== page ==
In media interviews throughout BC and across the country, I attempted to put forward the collective views of BC physicians on topics that included physician shortages, increasing wait lists, a public/private health care system, medical tourism, childhood obesity, and reducing medical student debt. And I endeavored to publicly hold governments accountable when they were failing to enable the provision of medical care to our patients in a timely manner.

I have enjoyed working with my executive and Board of Directors who give freely of their time to strengthen the BCMA for the benefit of all doctors and our patients. The Society of General Practitioners and Society of Specialist Physicians and Surgeons have been invaluable partners and I thank their presidents for their time and effort, cooperation, and collegiality.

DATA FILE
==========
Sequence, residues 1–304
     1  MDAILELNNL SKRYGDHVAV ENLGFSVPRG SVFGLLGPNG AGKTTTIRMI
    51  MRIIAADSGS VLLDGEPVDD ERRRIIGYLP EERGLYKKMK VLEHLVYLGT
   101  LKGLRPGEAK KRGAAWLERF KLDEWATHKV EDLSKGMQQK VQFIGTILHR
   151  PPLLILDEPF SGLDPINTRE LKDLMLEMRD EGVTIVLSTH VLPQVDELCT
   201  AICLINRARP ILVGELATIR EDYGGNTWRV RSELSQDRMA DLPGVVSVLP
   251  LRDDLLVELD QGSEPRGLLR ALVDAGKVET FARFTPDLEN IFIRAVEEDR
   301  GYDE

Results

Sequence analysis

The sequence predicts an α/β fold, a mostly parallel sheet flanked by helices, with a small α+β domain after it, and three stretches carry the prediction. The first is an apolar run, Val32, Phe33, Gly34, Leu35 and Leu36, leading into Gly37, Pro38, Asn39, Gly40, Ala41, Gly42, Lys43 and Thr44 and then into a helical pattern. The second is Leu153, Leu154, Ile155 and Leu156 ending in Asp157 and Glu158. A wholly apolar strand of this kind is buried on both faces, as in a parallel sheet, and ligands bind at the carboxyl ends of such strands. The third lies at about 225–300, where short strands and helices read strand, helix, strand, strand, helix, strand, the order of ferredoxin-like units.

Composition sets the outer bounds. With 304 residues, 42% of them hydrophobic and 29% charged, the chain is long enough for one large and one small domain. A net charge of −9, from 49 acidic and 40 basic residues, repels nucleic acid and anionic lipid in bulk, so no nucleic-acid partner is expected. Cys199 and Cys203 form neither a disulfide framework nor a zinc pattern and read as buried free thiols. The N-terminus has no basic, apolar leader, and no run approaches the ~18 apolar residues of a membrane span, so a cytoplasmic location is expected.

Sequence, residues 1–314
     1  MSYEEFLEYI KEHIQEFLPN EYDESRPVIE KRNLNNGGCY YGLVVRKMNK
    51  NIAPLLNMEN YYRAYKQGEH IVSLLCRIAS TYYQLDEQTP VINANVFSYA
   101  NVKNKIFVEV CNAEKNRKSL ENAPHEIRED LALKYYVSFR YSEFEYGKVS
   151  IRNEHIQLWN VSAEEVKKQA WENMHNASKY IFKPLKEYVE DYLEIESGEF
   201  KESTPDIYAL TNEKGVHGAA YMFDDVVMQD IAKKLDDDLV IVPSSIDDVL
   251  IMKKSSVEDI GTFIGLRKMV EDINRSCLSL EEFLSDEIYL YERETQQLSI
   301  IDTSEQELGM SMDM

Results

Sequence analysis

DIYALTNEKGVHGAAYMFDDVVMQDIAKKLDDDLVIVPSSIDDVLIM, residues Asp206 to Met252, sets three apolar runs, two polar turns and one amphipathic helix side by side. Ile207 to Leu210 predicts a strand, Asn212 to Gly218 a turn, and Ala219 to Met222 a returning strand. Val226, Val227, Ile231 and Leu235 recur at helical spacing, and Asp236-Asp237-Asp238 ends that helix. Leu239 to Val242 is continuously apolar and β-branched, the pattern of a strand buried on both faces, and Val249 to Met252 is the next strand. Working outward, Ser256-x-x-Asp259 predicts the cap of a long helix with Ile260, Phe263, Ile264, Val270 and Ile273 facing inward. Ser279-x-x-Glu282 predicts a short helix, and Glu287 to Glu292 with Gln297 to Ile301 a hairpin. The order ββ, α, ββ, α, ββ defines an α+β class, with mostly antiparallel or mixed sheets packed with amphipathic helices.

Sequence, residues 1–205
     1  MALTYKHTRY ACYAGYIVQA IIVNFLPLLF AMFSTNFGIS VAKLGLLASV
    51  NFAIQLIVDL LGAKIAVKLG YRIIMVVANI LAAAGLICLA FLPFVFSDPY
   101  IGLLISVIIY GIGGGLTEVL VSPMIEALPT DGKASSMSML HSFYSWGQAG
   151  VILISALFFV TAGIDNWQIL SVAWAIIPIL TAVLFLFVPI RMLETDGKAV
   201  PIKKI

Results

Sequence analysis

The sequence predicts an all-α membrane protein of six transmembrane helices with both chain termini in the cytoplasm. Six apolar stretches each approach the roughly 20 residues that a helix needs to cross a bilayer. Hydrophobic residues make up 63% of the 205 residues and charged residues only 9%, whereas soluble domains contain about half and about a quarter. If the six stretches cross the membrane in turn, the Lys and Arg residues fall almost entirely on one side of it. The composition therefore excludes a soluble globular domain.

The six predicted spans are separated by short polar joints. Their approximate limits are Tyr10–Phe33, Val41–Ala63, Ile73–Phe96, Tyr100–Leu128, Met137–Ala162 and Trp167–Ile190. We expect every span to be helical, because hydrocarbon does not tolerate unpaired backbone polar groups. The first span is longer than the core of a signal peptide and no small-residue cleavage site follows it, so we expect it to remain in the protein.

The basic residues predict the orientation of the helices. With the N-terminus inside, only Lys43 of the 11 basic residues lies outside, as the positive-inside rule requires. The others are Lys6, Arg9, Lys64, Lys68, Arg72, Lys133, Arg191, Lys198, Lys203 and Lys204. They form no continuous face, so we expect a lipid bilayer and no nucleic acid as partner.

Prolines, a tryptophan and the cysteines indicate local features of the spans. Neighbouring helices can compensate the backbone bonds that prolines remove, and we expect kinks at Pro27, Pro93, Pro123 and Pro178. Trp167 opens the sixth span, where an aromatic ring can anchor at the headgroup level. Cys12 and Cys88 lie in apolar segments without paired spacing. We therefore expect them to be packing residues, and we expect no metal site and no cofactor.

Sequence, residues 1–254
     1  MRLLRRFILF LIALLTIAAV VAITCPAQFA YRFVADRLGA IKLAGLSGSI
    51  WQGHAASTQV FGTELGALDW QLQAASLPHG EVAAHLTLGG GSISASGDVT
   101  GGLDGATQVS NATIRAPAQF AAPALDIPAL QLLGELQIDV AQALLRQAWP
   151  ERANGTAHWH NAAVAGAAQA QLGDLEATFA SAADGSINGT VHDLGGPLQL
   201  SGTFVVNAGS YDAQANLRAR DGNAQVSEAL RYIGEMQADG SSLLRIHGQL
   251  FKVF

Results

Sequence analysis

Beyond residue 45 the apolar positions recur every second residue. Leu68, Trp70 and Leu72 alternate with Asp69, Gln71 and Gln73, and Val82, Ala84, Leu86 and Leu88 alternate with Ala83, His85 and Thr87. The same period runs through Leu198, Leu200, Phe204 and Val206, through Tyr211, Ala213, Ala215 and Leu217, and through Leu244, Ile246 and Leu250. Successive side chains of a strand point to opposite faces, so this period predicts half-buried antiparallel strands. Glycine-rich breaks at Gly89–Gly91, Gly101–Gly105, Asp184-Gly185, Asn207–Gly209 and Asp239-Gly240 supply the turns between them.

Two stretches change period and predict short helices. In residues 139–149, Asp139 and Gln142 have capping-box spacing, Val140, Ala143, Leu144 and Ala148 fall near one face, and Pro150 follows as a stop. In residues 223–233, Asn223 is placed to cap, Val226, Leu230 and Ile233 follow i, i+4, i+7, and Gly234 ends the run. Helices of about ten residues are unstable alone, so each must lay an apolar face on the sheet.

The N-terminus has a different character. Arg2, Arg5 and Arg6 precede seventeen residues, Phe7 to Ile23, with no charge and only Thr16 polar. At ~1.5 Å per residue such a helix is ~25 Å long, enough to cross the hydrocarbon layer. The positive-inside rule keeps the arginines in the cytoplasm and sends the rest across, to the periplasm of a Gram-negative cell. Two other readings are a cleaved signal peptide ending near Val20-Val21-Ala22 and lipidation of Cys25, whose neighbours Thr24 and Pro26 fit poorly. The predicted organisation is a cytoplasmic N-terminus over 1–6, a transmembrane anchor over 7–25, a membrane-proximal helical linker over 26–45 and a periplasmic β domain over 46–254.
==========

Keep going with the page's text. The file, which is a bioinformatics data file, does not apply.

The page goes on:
The BCMA staff, led by Dr Mark Schonfeld, always go the extra mile. BCMA presidents are asked to be familiar with a huge range of issues. This would be impossible without the knowledge, input, and sage advice from the BCMA staff on every occasion.

As I look out of the window at the mountains and the ocean, I am in awe of this amazing province which we are fortunate to call home. We have a standard of living envied by much of the rest of the world, and a safe and relatively peaceful environment. We have a medical system that without doubt needs improving, but we have the skill, knowledge, and will to make those improvements so that physician satisfaction is increased and our patients are not without access to necessary medical services.

It has been an enormous honor and privilege to serve as your president this past year. I look forward to working with your incoming president and her new executive, and I am very pleased to be able to offer Dr MacDiarmid my support in the coming year. Thank you again for the opportunity to work for you and for our patients.